At the end of my MFA program, my favorite professor told us all to look around the room. “The people from this program who will be published,” he said, “are not necessarily the best writers in the class, the sharpest intellectually, the most creative and inventive. The writers who publish are the ones who have that fire in the belly, who won’t give up.” I’ve thought of those words often, both in terms of my own writing and my teaching.

The more years I’ve taught, the less I’ve come to believe in talent. There are plenty of people out there who can write a gorgeous first 20 (or even 50) pages of a novel – but there are far fewer who are willing to put the time in to plot that book out from beginning to end, to re-envision characters that are not working, to realize, sometimes, that those lovely first pages are not the best starting point and courageously cut them, starting the book anew. The writers who can subsume their egos in favor of the work itself, who recognize that what’s good for the novel or memoir or poem might not be what feels good to the writer in that moment – those are the writers who succeed.

How does a writer know if she’s putting her ego ahead of the work itself? Telltale signs include defensiveness of the current draft; resistance to considering revision suggestions; thinking of one’s characters as immutable and not allowing oneself the flexibility to re-imagine them for purposes of the story; enchantment with one’s own sentences. All of us writers have these feelings at times, but if we do not keep them in check, our own egos will hold us back from advancing in our form.

GIVEAWAY: Comment on this post by noon (EST) on Friday, February 26th, to win a copy of  THE FIFTY-FIRST STATE (U.S. only). Follow The Debutante Ball on Facebook and Twitter for extra entries—just mention that you did so in your comments. We’ll choose and contact the winner on Friday. Good luck!

Lisa Borders Author Photo (Color)Lisa Borders is the author of two novels, The Fifty-First State (2013) and Cloud Cuckoo Land (2002), the winner of River City Publishing’s Fred Bonnie Award for Best First Novel. Cloud Cuckoo Land also received fiction honors in the 2003 Massachusetts Book Awards. Lisa teaches at Grub Street, where she co-founded the Novel Incubator program, and founded and leads the Novel Generator program.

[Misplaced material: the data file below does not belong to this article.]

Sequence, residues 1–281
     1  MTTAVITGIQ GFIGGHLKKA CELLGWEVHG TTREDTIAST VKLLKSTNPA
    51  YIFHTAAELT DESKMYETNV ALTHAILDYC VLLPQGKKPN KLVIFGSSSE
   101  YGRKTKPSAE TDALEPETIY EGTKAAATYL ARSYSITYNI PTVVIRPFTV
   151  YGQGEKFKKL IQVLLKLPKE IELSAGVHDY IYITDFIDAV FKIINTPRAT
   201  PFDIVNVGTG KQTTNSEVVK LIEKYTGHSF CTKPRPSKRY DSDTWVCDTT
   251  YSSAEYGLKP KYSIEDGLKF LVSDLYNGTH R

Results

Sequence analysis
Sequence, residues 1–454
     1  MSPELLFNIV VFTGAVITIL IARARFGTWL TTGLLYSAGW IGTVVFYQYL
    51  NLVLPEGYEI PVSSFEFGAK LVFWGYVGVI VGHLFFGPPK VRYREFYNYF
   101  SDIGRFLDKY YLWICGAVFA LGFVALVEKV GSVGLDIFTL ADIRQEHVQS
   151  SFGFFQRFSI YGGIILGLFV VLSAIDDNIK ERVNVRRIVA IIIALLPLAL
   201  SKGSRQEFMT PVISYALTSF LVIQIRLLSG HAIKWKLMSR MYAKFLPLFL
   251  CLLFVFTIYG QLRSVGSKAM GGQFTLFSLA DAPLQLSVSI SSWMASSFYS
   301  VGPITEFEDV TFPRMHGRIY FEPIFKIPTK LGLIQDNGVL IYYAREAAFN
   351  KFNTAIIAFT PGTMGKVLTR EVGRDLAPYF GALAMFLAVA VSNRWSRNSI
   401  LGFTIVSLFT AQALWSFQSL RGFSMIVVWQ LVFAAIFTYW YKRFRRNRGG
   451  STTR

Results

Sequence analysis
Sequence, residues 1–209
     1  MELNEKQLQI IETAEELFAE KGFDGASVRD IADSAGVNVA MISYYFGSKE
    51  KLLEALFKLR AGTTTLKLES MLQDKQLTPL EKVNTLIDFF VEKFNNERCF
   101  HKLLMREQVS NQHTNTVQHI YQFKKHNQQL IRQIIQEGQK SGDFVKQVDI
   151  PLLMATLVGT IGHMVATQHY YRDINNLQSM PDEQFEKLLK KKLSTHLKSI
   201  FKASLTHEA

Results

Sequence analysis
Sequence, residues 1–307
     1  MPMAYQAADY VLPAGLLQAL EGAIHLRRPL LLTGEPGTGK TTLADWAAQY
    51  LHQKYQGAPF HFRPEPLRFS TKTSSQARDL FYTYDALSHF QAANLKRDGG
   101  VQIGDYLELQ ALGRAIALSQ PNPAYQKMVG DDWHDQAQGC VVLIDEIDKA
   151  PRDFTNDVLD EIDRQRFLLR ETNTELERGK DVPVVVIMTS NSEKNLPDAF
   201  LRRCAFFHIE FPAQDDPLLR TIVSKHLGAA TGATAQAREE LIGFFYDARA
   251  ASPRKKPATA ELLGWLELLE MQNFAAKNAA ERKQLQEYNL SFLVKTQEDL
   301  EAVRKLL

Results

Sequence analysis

You can find Lisa on her website, Facebook and Twitter.

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Louise Miller

Louise Miller is the author of THE CITY BAKER'S GUIDE TO COUNTRY LIVING (Pamela Dorman Books/Viking/August 9, 2016), the story of a commitment-phobic pastry chef who discovers the meaning of belonging while competing in the cut-throat world of Vermont county fair baking contests. Find out more at louisemillerauthor.tumblr.com.

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This article has 13 Comments

  1. Great interview! As a former student, I agree that Lisa’s a great teacher, writer and motivator. I’m going to cling to that advice “The writers who publish are the ones who have that fire in the belly, who won’t give up.”
    I’d also love to see her in a rock band. It’s never too late!

  2. I loved this interview because it actually shows the process (or certain aspects) of constructing a novel. I thought it was the end of the world when I got rid of the POV of my most prominent character. Nope, just another day at the office.